“Now the Lord appeared to him in the plains of Mamre, and he was sitting at the entrance of the tent when the day was hot. And he lifted his eyes and saw, and behold, three men were standing beside him, and he saw, and he ran toward them from the entrance of the tent, and he prostrated himself to the ground.” (Genesis 18:1-2)
Avraham, just a few days post-circumcision, waits outside his tent eager to find guests to invite into his home. The Ish Ha’Chessed, this man who embodies kindness and selflessness, cannot focus on his own pain and discomfort, rather he seeks to transcend his personal circumstances in an effort to give to others. Alas, there are no guests to be found. It is hot and all have sought shelter from the blistering sun. God summons three angels and Avraham runs to greet them. But these angels are not simply sent to allow Avraham to fulfill the mitzvah of hachnosas orchim (hospitality); they each have a mission. One angel is sent to announce the birth of Yitzchak, another to heal Avraham and one to destroy the city of Sodom. Why couldn’t God simply send one angel to accomplish all three tasks? Rashi explains, “for one angel cannot perform multiple tasks.”
The Lubavitcher Rebbe (Rabbi Menachem Mendel Schneerson, 1902-1994) makes a subtle, yet profound observation. Herein lies the fundamental distinction between man and angel. An angel can only do one thing. An angel can only have one mission and when it finishes that mission, its existence is complete. An angel can’t pivot or change. An angel can’t decide to do something different than the intended purpose for which it was created. “One angel cannot perform multiple tasks or agencies” – why? Because angels are incapable of transformation. Their existence, while exalted and holy, is one-dimensional and limited. But we can change, we can pivot. We can embark down one path in life and upon realizing that it is incorrect can change course. We can make mistakes and then correct them. We can begin one task then choose to do and to be something else. Angels are holy but we are even holier.
There are times when we realize that something is broken or flawed within us. I know that there are things I must change, but I soothe myself with the excuse of “this is who I am.” From the words of the Rebbe we see that only angels can use that excuse, man cannot. Angels can say “this is who I am” for they are truly limited, one-dimensional beings who can only perform the particular task for which they were created. But we can be who we choose to be. We can change, transform, reinvent, and remake. Unlike angels we must face adversity and challenge and at times as a result of our life difficulties we become hardened and resistant to change. Let us remember, God had to send three angels to accomplish three distinct tasks, yet one Avraham Avinu was able to effect so much change all on his own.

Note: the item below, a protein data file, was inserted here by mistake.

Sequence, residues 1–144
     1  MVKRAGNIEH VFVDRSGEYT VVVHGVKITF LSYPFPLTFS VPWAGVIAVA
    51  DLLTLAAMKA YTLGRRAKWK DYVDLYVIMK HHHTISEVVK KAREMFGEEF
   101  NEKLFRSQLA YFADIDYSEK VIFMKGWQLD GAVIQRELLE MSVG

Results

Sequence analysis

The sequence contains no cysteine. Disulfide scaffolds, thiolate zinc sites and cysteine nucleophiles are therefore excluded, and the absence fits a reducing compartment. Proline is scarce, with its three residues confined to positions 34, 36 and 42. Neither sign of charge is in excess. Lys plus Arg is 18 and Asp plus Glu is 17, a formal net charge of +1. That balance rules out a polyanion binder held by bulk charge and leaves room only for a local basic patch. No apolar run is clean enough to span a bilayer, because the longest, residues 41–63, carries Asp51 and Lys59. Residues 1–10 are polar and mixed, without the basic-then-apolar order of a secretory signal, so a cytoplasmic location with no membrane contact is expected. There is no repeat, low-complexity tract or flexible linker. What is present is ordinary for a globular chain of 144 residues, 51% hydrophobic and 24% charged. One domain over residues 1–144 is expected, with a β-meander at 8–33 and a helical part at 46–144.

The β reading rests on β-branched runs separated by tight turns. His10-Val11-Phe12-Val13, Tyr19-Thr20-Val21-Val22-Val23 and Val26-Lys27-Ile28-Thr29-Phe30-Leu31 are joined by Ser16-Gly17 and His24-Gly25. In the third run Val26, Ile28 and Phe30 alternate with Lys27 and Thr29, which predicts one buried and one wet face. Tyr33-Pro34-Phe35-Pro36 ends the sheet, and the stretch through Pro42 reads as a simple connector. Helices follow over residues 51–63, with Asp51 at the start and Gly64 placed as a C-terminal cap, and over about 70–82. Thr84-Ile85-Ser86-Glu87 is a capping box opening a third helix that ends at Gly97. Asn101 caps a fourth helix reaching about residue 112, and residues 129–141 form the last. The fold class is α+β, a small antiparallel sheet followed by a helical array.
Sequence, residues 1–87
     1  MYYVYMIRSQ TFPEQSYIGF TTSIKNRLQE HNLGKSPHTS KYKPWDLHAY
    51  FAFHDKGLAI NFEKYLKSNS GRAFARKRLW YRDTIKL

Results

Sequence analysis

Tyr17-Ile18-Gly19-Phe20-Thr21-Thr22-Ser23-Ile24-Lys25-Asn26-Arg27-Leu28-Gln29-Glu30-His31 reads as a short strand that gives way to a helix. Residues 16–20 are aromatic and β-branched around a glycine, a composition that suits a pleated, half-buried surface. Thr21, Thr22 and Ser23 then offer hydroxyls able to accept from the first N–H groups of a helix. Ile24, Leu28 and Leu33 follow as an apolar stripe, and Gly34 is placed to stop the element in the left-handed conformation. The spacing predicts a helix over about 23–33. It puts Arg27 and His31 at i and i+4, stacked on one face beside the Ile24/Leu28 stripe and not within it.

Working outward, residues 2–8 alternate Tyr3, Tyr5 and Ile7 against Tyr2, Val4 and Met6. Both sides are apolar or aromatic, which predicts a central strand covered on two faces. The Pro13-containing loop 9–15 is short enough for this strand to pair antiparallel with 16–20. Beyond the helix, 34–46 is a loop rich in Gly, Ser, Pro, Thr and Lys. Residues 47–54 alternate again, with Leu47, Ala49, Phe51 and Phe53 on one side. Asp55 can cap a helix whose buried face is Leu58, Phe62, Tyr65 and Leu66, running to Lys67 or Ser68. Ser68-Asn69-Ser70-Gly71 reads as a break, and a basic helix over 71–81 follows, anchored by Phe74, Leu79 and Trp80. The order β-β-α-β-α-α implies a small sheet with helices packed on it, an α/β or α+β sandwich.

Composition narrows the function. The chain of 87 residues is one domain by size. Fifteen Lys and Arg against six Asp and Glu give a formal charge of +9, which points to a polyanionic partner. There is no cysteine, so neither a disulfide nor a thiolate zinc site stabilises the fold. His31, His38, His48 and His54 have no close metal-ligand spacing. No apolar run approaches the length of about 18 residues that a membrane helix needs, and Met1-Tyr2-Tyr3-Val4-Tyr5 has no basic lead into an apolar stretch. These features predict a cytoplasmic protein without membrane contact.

The power of change is an awesome gift, may we find the courage and strength to use it wisely.
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Even the pious Avraham Avinu could not sway God to forgive the people of Sodom. They had become so depraved, immoral and unholy that God felt compelled to destroy the cities. But all was not lost. Lot and his family were whisked out of the city by guardian angles and given the opportunity to begin life anew. As they were readying themselves to take leave of Sodom, the angel outlines a simple set of instructions:
And it came to pass, when they took them outside, that he said, “Flee for your life, do not look behind you, and do not stand in the entire plain. Flee to the mountain, lest you perish.” (Bereishis 19:17)
Lot and his daughters complied, but his wife Iris did not.
“And the Lord caused to rain down upon Sodom and Gomorrah brimstone and fire, from the Lord, from heaven. And He turned over these cities and the entire plain, and all the inhabitants of the cities, and the vegetation of the ground. And his wife looked from behind him, and she became a pillar of salt.” (Bereishis 19:24-26)
The commentaries spend much time analyzing why Iris became a pillar of salt. It is clear that she violated the angelic directive but why was this the punishment? Rashi and others understand this punishment to reflect some degree of Divine reciprocity. As the Midrash explains, she refused to give salt (to accompany the bread) to the strangers who visited her home and when punished became a pillar of salt. But I would like to veer in a different direction (within this same story). The Torah is a book of laws. The Torah is not a history or a story book. As such when the Torah shares stories with us it is to teach us moral, ethical and/or legal lessons. What is the lesson from this episode? What are we to learn from Iris, the wife of Lot and what is the contemporary message?
Rav Shmuel Weinberg (1850-1916), the Rebbe of Slonim provides an incredible insight:
“When the angel said to them, ‘Al tabet acharecha, do not look behind you’ this was referring to the failures of the past. The wife of Lot looked back and what occurred? She became a pillar of salt.”